• a 10 ⁇ l amplified sample is used again in another cycle of CASTing. Six CASTing cycles are performed and resulting DNA samples are cloned into a plasmid and approximately 30 different clones are picked, sequenced, and a consensus sequence is deduced.
  • a set of complementary oligonucleotides is synthesized to contain a specific cis-acting sequence element and the flanking sequences for each of the transcription factors selected after the analysis of TREP profiling DNA microarray assay results.
  • Each set of complementary oligonucleotides is annealed and phosphorylated in one reaction in TEN buffer (10 mM Tris-HCl, pH 7.5; 1 mM EDTA; 50 mM NaCl).
  • the reaction is carried out in a final volume of 300 ⁇ l, containing 20 ⁇ M of each of the complementary oligonucleotides, 1 mM ATP, and 0.5 U/ml of T4 polynucleotide kinase, for 15 min at 70° C., and slowly cooled to room temperature over a 30 min period.
  • the same molar amount of oligonucleotides for different cis-acting sequences are used in maintaining the total amount of oligonucleotide of 200 pmol in a final reaction volume of 150 ⁇ l.
  • Ligation is done using 20 U of T4 DNA ligase at 16° C. overnight.
  • the ligation mixture is run on a 6% acrylamide gel, and a portion of the gel containing DNA bands between 75 bp to 1.0 kb is cut.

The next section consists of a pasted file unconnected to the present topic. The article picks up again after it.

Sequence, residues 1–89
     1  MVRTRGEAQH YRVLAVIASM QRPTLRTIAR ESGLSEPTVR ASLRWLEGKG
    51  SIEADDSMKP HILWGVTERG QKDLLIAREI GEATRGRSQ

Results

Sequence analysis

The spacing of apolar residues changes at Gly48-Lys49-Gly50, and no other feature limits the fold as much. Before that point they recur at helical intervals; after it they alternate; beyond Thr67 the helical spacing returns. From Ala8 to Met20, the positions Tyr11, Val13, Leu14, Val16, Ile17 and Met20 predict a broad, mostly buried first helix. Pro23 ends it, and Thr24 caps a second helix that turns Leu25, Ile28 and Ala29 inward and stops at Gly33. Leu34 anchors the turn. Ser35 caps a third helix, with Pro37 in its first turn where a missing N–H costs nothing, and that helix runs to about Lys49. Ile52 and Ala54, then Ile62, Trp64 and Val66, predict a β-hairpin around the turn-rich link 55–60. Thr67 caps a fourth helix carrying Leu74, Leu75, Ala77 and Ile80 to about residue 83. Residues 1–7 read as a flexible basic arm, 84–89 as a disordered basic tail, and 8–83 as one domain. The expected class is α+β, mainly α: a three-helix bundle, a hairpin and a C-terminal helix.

• DNA fragments are eluted from the gel piece using Qiaex II Gel Extraction kit (Qiagen, Chatsworth, Calif.), after incubating the gel piece in two volumes of diffusion buffer at 37° C. overnight.
  • Purified DNA fragments are incubated in a 150 ⁇ l of ligation reaction containing a phosphorylated and annealed 12 bp complementary oligonucleotides containing a 8 bp Asc I restriction site in the middle, with 10 U of T4 ligase at 16° C. overnight.
  • the reaction is cleaned up using Qiaquick Nucleotide Removal kit (Qiagen), digested with Asc I, and ligated into the Asc I site of the ⁇ -galactosidae reporter plasmid (pD96L).
  • ⁇ -galactosidase reporter gene is placed downstream of the dopamine ⁇ -hydroxylase (DBH) minimum promoter containing 45 bp of promoter sequence with TATA-box as well as 51 bp of 5′ untranslated region of the gene.
  • the ligated clones are purified by Qiaquick Nucleotide Removal kit and transformed into electrocompetent E coli DH10b strain. Transformed bacterial cells are seeded as one batch into 5 ml LB in the presence of ampicillin (100 ⁇ g/ml) for 8 hours and are amplified into 200 ml overnight. Plasmids are isolated using Qiagen Maxi prep.
  • Target SK-N-BE(2)—C neuroblastoma cells are transfected with a library of plasmids containing randomly combined promoter cassettes cloned upstream of the LacZ gene. FACS is used to select approximately 3-5% of transfected cells with strong ⁇ -galactosidase expression. Plasmids are isolated from sorted cells, amplified and used again in transfection of SK-N-BE(2)—C cells. The same procedure is repeated three to four times so that the resulting cell population contains plasmids capable of expressing reporter gene at the highest level. After the final sorting, plasmids are isolated and amplified individually and are used in 96-well transient transfection assays.